Snyder, Mikayla   F. Scott Fitzgerald The Beautiful and the Damned
In Fitzgerald's The Beautiful and Damned, he uses real-life experiences with his wife Zelda to show how life can be clouded by money and the desire to be in the high social class.

Stuart, Alexis      Jean-Paul Sartre      No Exit
In Sartre's No Exit, the author develops the theme of self-induced human suffering through exploring the psyche and subconscious of the characters Joseph, Inez, and Estelle

Thrift, Dalton      George Orwell      Animal Farm
In Animal Farm, Orwell uses farm animals in an unequal society as a metaphor for the class differences and corruption involved in a communist government.

Wilkerson, Krysten      J. D. Salinger  The Catcher in the Rye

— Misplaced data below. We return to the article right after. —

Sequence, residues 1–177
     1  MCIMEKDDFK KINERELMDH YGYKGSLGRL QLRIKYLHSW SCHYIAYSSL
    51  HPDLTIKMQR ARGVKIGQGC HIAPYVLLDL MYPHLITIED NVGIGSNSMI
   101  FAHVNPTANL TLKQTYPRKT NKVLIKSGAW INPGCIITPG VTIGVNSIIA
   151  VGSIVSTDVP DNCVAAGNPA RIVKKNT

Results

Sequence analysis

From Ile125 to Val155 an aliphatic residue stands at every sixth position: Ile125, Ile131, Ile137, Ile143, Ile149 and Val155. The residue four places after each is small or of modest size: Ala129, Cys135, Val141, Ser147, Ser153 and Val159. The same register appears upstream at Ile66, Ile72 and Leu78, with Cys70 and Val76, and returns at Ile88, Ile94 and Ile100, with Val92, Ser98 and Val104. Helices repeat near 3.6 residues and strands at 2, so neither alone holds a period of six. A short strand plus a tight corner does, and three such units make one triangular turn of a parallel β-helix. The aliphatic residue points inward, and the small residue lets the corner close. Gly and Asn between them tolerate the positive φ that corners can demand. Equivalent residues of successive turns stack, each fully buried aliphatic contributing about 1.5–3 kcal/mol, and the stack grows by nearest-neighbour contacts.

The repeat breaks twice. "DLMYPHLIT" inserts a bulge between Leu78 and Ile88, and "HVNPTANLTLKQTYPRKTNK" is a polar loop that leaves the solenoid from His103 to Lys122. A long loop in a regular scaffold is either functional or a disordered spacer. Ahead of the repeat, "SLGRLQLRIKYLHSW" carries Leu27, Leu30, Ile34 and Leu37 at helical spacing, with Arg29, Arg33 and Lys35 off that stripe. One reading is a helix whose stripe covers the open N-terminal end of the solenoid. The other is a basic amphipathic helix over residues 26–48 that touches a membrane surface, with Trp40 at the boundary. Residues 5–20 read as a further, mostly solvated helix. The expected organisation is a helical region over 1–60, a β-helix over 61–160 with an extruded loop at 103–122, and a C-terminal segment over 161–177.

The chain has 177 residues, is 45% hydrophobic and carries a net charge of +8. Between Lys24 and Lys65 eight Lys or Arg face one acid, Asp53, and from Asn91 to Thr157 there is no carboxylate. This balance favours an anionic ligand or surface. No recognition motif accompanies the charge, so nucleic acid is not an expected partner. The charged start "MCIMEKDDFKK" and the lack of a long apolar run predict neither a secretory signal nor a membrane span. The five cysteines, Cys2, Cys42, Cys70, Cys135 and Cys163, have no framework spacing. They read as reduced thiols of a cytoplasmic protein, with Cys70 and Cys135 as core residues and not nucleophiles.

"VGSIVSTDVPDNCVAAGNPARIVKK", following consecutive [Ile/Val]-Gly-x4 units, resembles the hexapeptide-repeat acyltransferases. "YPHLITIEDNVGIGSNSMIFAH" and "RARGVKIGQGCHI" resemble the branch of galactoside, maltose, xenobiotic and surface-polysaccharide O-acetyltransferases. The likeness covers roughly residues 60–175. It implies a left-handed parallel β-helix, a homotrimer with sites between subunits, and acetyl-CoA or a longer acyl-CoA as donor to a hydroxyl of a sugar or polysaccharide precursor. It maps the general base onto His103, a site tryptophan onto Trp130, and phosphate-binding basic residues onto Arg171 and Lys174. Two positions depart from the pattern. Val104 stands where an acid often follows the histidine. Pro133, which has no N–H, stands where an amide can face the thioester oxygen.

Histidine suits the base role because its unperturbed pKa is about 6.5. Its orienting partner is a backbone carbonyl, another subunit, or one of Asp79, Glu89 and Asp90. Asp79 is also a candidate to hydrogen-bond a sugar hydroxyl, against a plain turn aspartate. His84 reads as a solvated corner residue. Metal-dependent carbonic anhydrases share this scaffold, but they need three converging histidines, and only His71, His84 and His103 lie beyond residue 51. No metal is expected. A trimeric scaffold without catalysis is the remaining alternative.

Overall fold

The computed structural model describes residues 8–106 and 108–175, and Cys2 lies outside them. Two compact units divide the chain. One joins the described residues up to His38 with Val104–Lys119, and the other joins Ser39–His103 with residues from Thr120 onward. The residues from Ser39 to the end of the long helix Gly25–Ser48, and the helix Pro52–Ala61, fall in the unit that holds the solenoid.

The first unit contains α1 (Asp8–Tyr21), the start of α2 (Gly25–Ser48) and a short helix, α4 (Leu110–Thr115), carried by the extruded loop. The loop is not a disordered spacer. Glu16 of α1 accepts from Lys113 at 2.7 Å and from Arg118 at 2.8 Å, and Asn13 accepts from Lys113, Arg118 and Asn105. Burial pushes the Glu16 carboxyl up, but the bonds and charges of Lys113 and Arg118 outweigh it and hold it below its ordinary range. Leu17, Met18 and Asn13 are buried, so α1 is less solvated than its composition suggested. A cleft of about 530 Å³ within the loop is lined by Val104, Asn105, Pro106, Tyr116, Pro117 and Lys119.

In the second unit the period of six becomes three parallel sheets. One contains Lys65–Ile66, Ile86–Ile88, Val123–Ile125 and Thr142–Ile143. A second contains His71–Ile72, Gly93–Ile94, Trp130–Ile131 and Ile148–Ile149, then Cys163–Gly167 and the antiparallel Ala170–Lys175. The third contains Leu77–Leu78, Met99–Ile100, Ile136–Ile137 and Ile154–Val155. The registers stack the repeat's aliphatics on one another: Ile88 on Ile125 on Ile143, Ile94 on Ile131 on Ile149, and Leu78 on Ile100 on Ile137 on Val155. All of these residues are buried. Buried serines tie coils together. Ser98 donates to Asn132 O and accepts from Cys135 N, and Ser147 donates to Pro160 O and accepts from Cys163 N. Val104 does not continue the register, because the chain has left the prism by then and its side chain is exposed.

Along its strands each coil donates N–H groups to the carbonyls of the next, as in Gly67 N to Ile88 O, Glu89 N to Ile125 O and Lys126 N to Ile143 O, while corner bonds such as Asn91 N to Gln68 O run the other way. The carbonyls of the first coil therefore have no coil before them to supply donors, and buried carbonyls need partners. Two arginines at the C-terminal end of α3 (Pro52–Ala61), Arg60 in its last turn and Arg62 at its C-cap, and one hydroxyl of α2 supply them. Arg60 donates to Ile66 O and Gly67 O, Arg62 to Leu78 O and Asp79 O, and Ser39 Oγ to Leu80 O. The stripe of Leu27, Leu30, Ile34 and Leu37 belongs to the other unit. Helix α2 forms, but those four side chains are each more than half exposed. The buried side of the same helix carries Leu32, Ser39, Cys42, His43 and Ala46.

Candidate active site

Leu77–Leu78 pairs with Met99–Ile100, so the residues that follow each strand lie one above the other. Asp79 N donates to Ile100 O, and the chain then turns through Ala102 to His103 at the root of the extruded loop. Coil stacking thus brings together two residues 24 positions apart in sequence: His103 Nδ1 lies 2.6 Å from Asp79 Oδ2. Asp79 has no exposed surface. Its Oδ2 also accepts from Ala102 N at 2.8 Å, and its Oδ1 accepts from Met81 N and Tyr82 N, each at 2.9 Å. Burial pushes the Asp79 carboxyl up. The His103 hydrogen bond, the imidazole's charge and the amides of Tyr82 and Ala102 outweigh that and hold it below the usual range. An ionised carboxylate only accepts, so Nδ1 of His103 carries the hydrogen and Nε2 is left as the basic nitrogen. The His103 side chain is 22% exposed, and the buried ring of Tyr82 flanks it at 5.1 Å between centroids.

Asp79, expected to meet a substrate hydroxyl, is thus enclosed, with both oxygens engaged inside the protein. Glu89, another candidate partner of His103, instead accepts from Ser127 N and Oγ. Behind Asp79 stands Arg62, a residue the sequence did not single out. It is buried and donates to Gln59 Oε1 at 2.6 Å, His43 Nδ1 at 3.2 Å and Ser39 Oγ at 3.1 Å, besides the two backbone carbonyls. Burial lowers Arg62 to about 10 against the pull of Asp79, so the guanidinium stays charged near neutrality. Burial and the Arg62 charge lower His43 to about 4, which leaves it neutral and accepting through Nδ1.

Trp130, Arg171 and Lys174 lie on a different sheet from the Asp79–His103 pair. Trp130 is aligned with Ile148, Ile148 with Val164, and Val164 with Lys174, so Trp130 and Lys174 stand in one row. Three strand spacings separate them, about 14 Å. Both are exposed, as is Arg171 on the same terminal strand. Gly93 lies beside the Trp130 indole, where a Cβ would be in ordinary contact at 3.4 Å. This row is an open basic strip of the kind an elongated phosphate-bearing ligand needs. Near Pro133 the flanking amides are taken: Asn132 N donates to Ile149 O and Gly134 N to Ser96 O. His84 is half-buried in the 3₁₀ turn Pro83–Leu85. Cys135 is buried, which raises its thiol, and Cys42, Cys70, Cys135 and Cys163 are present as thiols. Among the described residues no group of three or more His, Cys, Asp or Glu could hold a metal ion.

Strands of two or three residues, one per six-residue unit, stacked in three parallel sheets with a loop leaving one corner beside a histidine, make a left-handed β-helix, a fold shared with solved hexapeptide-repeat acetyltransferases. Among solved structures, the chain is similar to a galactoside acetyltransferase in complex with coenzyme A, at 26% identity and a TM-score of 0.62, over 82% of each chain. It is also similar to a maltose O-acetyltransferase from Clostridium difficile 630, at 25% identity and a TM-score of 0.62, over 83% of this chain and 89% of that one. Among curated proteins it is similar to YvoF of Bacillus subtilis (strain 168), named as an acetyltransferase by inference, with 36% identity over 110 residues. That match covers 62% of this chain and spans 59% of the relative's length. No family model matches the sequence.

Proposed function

In J.D. Salinger’s The Catcher in the Rye, the character Holden Caulfield uses certain coping mechanisms, such as regression, to psychologically endure the anxieties caused by adolescence and events such the loss of his brother and his expulsion from Pencey Prep.

Wise, Gabe   Antoine De Saint Exupery
In Antoine De Saint-Exupéry's The Little Prince, Saint-Exupéry's own life experiences and the interiority of those experiences are revealed through the journey of the little prince.

Woods, Malachi   Amy Tan   The Joy Luck Club
In the Joy Luck Club by Amy Tan, women struggle to be themselves because of the stereotypes men and the world place on them, causing the women to hide who they are.

B3
Albrecht, Janine   William Shakespeare   Macbeth
In Shakespeare's Macbeth, the ailment of Macbeth is due to an imbalance in his personality, which ultimately leads to his demise.